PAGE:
When a book takes you down

whenabooktakesyoudown_georgierosehardy

I’ve always struggled with keeping a journal. When I was younger, I would enthusiastically start a journal, making sure my handwriting was neat, word choice was precise, grammar and mechanics were correct, and that my voice was collected and mature. Undoubtedly, I’d give up journal writing after that very first entry, overwhelmed by the daunting task of masking my vulnerability with perfectionism.

I had a twinge of that same feeling when I logged on here after a few months. In my last post, I had written a list of books I planned to read over the summer. Since I am a math interventionist, I did the math and found that I had only read less than one third of those books. This is despite the fact that I had many of those books in my possession for weeks, just waiting to be read.

The guilt.

But why?

Listen, I read a lot. And heck, I’m a pretty good reader. So, why wasn’t I able to tackle this modest list of books over a period of three months in which society thinks I do absolutely nothing? How did I become a book abandoner??

I’m glad you asked. There are many reasons why.

I found other great books to read.
I had to finish that series.
I just wasn’t feelin’ it.
The cover didn’t do a good enough job of drawing me in.
I wasn’t in the right season of my life for it.
I needed more of a challenge.
I needed a break from the seriousness: a beach read, or a candy book as my sister would call it.
I wanted to read something about people my own age, instead of young adults.
I was tired of reading about privileged white people in New York, etc.

And guess what? That’s ok.

My incredible colleague, Pernille Ripp (how many times have I mentioned her in the three posts I’ve written?), recently wrote a blog post about guiding our fellow book-abandoning students. She asks us, as educators, to share our own abandonments, log it, ask “why?” then ask “now what?”, and practice total honesty. That’s what I’m doing here. Being vulnerable and honest about my own journey and identity as a reader.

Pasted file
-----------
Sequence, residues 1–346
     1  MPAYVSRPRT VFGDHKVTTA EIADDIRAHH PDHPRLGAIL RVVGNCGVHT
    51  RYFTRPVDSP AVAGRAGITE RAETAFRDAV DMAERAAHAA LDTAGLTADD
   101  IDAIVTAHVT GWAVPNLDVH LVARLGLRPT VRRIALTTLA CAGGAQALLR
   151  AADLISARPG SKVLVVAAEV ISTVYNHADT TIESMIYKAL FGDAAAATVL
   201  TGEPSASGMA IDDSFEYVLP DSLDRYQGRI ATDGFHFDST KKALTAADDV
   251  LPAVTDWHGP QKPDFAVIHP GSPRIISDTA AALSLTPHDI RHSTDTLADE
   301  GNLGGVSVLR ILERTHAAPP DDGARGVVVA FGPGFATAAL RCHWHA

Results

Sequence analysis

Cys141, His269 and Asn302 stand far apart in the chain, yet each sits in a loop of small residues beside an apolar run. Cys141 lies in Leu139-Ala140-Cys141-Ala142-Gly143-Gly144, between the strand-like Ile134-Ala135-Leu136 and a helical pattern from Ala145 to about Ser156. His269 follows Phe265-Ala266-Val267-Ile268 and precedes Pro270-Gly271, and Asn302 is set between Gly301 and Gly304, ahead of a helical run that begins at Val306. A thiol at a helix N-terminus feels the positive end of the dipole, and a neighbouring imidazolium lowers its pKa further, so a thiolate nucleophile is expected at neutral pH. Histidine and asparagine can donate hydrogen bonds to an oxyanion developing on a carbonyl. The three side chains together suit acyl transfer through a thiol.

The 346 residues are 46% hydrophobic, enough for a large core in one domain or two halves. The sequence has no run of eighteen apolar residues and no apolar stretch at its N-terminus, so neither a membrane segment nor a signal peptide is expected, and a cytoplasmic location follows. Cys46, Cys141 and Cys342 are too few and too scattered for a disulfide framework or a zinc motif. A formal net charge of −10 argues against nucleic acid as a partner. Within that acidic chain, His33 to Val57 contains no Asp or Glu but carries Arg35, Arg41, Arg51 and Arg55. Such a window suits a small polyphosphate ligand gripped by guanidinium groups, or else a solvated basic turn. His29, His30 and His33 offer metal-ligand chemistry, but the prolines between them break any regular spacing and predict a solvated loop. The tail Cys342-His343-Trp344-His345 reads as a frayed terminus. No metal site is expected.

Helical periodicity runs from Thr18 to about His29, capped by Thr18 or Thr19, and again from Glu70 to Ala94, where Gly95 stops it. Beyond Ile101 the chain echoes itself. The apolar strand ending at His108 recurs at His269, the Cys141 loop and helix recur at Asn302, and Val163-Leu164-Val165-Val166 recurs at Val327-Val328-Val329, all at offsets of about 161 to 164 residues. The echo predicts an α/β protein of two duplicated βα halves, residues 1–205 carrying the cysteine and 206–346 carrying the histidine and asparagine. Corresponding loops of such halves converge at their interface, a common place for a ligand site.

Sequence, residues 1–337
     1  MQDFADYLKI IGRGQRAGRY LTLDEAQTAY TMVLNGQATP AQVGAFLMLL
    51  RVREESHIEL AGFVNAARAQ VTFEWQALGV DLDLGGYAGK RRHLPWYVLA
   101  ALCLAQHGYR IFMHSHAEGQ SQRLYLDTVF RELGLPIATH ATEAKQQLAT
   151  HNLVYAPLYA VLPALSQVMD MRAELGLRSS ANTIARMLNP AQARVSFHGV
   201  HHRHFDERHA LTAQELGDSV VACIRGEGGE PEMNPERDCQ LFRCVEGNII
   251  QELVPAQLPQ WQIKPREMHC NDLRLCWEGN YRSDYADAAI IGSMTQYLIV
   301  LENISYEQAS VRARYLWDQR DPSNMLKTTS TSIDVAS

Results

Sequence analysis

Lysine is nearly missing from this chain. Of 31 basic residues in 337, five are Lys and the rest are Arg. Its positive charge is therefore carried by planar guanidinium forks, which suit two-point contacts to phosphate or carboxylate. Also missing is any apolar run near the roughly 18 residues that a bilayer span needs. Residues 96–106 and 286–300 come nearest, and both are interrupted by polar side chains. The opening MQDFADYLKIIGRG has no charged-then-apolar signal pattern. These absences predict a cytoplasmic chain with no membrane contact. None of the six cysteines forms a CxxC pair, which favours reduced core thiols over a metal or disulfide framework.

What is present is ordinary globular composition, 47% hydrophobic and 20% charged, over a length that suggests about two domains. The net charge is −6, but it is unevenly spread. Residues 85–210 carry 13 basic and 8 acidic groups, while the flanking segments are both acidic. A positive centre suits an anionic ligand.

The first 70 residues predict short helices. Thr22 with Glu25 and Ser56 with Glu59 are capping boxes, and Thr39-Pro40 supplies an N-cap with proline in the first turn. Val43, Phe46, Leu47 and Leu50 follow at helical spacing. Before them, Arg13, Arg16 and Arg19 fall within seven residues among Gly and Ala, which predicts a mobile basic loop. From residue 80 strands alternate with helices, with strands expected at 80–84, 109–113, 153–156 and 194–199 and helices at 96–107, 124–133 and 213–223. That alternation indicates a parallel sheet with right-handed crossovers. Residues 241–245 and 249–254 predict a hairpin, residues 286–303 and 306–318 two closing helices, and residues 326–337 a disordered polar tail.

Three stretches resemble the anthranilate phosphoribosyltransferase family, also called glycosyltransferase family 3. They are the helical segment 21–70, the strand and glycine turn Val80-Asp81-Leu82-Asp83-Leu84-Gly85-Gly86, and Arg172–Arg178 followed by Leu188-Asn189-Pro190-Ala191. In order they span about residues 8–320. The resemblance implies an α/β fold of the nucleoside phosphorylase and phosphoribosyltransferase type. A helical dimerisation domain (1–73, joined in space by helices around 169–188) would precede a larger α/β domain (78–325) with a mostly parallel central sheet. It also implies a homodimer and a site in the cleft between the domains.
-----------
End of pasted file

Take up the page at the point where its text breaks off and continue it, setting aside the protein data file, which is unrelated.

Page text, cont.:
Our students ought not to feel guilt and fear upon abandoning a book. Instead, they should feel compelled to ask themselves why? What next?

And it starts with us. Model the way. And don’t forget the grace.

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2 thoughts on “When a book takes you down

  1. Penny October 26, 2015 / 3:26 am

    As a child, my mother made me write thank you notes, I had to write a rough draft and then recopy it in my very best writing…I hated writing those notes. As an adult, I do love to get notes, and the ones I send are no longer perfect. They are messy and have mistakes, but they get out. That is the point, It is better that you read a third of the books than none. And those books won’t go away. Enjoy what you have accomplished, not what you did not. Love yourself, it makes a great model.

    Like

  2. Temberly Mitchell October 26, 2015 / 1:33 pm

    Love this!! I have been struggling with reading and writing. Thanks for the tips and link to Pernille Ripp’s post.

    Great post!

    Like

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